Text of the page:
So the fact that you have decided you don't need to use it or value it means you can bar others from using the item?
                        There are lots of things that I have no use for or need of, but that doesn't mean the item should be banned.
                        That isn't how a free society works.

                        If we are to ban something, we really should have to establish a little better reason for the ban than simply you don't need the item.
                        Point taken.

                        It's just that to me, plastic straws or single use grocery bags just seem like such an insignificant thing to be getting our panties in a bunch over. Lefties scream about how plastic straws are choking the whales, and righties scream about the tree-huggers trampling their rights. There's far more important problems in this world to put our energies towards than wether or not our drinks have a plastic straw in them. Also, what does society gain from plastic straws vs the gain from getting rid of them? I think the overall greater gain is on the side of getting rid of them, in terms of the waste generated by a single use/throw-away plastic item.

                        Or, why not use opt-in/opt-out philosophies for things like this, where the default would be the most benificial to the general public. In this case, the default would be that no straw will be supplied. If you really want a straw or feel it's more sanitary, ask for one and you'll get one (and there's even enough non-plastic straw options nowadays as well). In this case, an opt-in system. I think the majority of people wouldn't really care one way or the other. Give them a straw and they'll use it, not necessarily because it's useful, but simply because it's there. Take the straw away and they'll barely notice.

                        I've been in some municipalities that banned plastic grocery bags. There's an initial sky-is-falling backlash against it by some, but people generally adapt to the new habit surprisingly quickly. I've stopped using plastic grocery bags, even though my city hasn't banned them. Admitedly, it took some getting use to, but in the scheme of things, it was a small habit to learn for the greater good. Many years ago, smoking was banned from bars and restaurants in Canada (most provinces?). Same thing. The sky-is-falling, the bar/restaurant industry is going to implode (where will all the customers come from!?), and close to 20 years on, I'd say the bar/restaurant industry is thriving even more than it ever was. People adapted surprisingly quickly, after an initial learning period.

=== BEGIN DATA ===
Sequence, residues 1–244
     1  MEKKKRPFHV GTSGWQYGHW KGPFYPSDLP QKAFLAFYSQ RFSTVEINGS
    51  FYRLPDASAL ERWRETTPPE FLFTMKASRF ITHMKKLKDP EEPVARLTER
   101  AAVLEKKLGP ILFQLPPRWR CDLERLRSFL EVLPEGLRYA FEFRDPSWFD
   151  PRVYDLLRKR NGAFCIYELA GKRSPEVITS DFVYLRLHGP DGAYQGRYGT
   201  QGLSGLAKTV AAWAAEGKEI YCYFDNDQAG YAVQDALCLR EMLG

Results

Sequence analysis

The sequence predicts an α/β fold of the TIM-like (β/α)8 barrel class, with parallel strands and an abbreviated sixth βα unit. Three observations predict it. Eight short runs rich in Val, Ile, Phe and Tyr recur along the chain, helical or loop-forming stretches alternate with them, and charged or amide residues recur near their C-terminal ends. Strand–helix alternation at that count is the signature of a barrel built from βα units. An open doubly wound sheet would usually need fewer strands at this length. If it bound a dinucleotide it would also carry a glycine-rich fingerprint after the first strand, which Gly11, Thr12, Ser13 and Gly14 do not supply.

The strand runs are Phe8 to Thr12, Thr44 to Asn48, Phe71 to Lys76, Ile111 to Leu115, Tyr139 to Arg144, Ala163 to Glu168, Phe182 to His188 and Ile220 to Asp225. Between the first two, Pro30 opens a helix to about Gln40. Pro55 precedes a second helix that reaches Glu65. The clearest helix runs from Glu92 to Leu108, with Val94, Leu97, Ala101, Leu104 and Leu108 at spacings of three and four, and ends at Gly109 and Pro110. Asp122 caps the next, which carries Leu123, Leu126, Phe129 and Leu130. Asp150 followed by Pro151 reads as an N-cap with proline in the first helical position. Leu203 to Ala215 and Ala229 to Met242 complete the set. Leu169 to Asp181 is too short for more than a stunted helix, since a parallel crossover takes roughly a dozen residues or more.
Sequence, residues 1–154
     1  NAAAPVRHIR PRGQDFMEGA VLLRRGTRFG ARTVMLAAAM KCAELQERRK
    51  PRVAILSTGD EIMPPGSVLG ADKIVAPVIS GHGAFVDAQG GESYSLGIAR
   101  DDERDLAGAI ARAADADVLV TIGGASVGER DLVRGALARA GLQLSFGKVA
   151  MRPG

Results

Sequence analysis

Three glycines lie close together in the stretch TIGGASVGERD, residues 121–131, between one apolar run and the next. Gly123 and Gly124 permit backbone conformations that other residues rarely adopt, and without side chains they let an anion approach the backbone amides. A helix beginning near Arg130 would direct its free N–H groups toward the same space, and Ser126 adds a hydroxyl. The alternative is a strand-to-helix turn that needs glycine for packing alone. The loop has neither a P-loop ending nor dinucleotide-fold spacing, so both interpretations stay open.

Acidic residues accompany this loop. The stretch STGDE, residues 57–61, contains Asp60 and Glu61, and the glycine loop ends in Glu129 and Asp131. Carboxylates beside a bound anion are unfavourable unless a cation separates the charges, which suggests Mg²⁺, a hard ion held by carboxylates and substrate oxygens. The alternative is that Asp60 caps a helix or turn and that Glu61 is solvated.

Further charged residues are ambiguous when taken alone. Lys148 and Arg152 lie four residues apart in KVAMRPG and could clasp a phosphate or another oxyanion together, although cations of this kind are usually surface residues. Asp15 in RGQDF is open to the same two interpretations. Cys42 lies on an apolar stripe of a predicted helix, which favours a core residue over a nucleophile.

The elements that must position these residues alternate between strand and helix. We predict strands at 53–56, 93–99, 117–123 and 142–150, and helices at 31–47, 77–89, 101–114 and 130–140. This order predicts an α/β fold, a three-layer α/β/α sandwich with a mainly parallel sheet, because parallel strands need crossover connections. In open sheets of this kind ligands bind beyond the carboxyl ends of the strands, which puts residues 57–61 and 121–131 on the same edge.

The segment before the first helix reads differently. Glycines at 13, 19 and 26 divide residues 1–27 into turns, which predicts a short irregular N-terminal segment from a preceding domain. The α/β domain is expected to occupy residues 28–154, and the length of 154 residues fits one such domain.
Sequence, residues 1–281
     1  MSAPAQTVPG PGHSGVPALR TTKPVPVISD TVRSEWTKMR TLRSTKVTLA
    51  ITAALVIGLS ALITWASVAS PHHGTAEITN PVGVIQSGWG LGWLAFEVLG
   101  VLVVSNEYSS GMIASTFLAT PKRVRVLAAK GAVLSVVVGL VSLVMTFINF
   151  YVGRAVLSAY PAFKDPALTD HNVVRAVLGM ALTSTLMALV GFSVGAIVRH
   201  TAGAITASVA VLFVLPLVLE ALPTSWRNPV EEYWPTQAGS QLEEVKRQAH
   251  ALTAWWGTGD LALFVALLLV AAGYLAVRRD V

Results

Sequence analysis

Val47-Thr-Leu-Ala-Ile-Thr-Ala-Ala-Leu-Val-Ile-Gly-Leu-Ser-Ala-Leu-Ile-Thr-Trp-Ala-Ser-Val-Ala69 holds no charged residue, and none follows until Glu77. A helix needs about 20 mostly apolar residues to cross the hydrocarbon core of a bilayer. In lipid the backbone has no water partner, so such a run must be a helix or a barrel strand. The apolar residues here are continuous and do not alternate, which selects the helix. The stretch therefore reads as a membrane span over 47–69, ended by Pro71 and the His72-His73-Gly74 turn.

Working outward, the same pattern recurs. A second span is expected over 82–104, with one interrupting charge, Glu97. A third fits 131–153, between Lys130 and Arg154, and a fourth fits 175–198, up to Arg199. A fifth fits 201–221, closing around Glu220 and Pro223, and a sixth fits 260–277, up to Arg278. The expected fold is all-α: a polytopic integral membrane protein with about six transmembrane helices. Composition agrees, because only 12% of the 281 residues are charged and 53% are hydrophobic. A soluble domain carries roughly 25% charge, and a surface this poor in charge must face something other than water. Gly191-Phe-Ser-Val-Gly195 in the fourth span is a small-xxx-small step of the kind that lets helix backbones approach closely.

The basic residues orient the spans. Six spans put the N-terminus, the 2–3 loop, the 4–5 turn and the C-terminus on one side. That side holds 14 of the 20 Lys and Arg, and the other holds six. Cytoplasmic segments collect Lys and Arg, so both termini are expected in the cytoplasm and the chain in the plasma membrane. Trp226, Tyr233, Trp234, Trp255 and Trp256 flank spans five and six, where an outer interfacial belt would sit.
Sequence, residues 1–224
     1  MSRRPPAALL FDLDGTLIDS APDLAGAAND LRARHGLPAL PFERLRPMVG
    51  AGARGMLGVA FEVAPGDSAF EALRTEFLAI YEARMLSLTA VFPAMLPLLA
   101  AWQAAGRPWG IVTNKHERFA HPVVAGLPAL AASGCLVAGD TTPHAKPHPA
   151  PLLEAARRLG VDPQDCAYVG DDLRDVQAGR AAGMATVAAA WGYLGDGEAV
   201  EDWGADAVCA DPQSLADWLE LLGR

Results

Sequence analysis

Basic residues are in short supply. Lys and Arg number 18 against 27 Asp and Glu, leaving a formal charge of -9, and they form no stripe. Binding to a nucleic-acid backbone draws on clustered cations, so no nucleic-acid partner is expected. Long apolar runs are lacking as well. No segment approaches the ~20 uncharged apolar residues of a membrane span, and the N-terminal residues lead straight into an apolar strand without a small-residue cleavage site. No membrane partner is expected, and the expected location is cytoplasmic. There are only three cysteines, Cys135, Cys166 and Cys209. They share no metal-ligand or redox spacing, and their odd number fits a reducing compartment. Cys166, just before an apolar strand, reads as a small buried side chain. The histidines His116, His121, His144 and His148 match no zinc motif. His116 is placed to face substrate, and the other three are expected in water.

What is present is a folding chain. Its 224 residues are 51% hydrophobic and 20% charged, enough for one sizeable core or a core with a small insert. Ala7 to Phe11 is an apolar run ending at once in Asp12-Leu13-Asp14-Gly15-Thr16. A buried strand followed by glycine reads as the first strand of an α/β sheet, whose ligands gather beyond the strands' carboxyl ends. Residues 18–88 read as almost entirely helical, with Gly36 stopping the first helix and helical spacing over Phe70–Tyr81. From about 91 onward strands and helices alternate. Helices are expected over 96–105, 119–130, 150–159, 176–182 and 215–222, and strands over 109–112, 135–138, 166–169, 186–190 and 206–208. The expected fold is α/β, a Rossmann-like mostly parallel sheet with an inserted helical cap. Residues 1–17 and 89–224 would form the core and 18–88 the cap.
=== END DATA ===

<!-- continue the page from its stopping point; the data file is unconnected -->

That isn't how a free society works.
                        Then again, what about others' freedom not to live in a world filling up with plastic garbage?

                        Comment


                        • #57
                          When you suggest that we incinerate most organic, non-metal / glass trash to generate electricity, the usual bunch on the Progressive front go nuts that it will contribute to Gorebal Warming.
                          Some things, like plastics, are hard to recycle. The plastic has to be clean, free of foreign materials like paper labels and glue that held them, and most importantly, it has to all be the same kind of plastic. Now, there are dozens of different plastics, so it becomes difficult to sort them out.
                          Paper recycling costs about the same as making new paper from pulp. There's really little advantage other than trying to keep the waste down.
                          Both paper and plastics can only be recycled a few times before they lose their properties and become unrecyclable too.

                          Glass is best recycled by turning empties in to be returned to the company that uses that particular container. Crushed glass has limited use because of coloring.

                          Metals are highly recyclable. Aluminum in particular is a good value as it takes far less energy to recycle it than make new from ore. Steel is less so. Alloying is a problem here however. Mixes of undifferentiated grades of a metal often have limited uses as a result.

                          Comment


                          • #58
                            Originally posted by Schmart View Post

                            Point taken.